Perranuthnoe: what to do when the bal is scat

A rural parish to the east of Penzance and Marazion, Perranuthnoe is now merely a place to ‘escape the hustle and bustle of everyday life … [an] ideal destination for a coastal retreat’, its heritage forgotten, its history unlamented. That’s a far cry from Victorian days when the parish was better known for its mines … Continue reading Perranuthnoe: what to do when the bal is scat

Denying destiny: The Baptist from Breage

Our final foray into the lives of Breage Victorians introduces an example of social mobility. The vast majority of our forebears married partners from a similar social background. Children of labourers married labourers, the offspring of miners got hitched to miners, sons and daughters of farmers tended to end up with other farmers’ sons and … Continue reading Denying destiny: The Baptist from Breage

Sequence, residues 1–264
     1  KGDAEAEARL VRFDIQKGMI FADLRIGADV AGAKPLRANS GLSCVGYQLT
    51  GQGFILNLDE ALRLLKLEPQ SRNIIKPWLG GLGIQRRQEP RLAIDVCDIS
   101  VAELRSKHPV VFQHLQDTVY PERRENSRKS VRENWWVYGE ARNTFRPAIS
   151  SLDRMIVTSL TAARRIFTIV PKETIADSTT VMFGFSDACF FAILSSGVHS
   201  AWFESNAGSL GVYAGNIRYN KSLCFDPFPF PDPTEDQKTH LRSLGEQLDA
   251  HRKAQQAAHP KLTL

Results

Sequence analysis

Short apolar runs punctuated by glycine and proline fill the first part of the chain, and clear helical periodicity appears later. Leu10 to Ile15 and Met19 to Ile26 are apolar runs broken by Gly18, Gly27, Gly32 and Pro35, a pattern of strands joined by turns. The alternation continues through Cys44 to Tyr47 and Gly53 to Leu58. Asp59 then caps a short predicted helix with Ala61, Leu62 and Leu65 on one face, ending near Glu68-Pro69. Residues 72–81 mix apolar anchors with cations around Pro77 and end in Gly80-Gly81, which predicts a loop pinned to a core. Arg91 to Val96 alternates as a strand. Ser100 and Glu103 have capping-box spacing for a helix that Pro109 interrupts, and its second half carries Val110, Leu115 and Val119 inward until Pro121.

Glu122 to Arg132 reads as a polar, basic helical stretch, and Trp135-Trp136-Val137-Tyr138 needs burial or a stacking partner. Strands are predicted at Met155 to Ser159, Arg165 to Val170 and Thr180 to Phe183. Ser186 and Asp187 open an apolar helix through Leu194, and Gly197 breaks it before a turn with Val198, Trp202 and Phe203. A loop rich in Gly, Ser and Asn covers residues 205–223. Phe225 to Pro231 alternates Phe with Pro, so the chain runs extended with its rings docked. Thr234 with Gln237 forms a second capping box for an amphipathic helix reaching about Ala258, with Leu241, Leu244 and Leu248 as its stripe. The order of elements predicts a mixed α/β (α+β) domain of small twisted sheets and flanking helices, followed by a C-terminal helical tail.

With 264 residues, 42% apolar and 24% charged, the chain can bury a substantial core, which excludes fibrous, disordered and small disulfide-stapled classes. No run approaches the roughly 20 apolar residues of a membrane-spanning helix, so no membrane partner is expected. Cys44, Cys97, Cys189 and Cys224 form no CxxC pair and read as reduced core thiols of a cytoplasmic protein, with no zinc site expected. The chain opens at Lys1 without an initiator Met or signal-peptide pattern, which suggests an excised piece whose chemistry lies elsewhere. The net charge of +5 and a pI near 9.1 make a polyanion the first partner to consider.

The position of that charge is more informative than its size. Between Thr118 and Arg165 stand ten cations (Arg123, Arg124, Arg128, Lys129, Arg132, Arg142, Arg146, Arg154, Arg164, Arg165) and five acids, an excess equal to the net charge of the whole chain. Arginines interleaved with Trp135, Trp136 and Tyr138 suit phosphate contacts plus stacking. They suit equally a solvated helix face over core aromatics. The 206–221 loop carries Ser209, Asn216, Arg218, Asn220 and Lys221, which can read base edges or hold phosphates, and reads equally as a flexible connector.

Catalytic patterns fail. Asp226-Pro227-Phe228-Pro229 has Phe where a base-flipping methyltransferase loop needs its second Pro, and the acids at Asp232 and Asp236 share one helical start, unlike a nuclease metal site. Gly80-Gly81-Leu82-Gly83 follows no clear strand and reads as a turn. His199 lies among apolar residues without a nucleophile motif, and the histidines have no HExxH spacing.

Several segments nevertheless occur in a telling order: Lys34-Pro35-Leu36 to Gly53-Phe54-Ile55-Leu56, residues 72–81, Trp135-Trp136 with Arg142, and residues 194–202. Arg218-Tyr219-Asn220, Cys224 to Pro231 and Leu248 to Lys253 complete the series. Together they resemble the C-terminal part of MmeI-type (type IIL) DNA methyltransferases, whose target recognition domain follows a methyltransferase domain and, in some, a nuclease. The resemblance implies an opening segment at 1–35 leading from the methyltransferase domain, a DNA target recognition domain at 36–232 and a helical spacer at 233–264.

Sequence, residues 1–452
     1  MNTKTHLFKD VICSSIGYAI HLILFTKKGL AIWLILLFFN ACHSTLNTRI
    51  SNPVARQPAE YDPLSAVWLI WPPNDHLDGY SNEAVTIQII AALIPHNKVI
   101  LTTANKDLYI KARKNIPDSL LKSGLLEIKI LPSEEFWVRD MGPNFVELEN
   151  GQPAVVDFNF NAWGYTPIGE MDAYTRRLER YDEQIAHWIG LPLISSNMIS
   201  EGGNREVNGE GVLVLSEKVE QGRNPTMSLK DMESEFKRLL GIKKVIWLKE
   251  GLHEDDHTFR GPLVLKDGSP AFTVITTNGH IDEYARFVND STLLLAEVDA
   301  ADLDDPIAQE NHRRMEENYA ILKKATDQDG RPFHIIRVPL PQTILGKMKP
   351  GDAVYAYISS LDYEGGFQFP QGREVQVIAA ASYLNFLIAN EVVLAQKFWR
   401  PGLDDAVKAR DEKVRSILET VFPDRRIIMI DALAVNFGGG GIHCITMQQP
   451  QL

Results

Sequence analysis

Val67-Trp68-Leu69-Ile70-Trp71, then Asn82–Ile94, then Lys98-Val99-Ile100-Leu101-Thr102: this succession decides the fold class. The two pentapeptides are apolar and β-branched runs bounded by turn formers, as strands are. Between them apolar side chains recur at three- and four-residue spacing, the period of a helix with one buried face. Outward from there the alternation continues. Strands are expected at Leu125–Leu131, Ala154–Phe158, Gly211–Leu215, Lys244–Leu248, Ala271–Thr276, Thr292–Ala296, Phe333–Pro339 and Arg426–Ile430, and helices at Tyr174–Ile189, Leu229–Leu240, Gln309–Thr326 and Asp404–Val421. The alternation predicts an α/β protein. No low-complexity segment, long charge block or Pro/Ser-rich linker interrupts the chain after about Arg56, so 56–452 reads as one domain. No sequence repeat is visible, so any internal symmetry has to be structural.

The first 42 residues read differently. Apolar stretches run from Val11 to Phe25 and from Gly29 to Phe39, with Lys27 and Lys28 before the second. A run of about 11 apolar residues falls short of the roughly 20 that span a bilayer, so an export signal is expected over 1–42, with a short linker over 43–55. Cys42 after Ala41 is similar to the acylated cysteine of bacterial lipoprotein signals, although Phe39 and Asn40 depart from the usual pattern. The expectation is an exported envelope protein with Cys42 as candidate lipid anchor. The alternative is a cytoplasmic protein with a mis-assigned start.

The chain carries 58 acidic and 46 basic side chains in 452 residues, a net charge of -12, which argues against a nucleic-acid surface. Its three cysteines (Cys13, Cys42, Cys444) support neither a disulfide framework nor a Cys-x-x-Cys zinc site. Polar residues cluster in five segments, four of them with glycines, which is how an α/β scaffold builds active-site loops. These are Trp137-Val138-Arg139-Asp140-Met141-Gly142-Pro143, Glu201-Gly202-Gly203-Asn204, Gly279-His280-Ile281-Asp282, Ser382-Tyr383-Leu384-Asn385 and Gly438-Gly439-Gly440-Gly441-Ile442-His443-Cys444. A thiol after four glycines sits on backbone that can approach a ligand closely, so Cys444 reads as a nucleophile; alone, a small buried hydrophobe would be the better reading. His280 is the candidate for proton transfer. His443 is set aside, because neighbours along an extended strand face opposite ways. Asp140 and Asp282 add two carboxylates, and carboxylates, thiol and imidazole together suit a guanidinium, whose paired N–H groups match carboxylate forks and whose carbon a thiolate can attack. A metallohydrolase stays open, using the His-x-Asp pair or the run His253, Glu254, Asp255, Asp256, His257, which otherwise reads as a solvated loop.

Patronyms and the Cornish language

Does the presence of patronymic surnames (surnames derived from first names) tell us anything about the last days of the traditional Cornish language? I have argued elsewhere that the distribution of the most common surnames in nineteenth century Cornwall – Williams, Thomas and Richards – offers a good indication of the geography of the language … Continue reading Patronyms and the Cornish language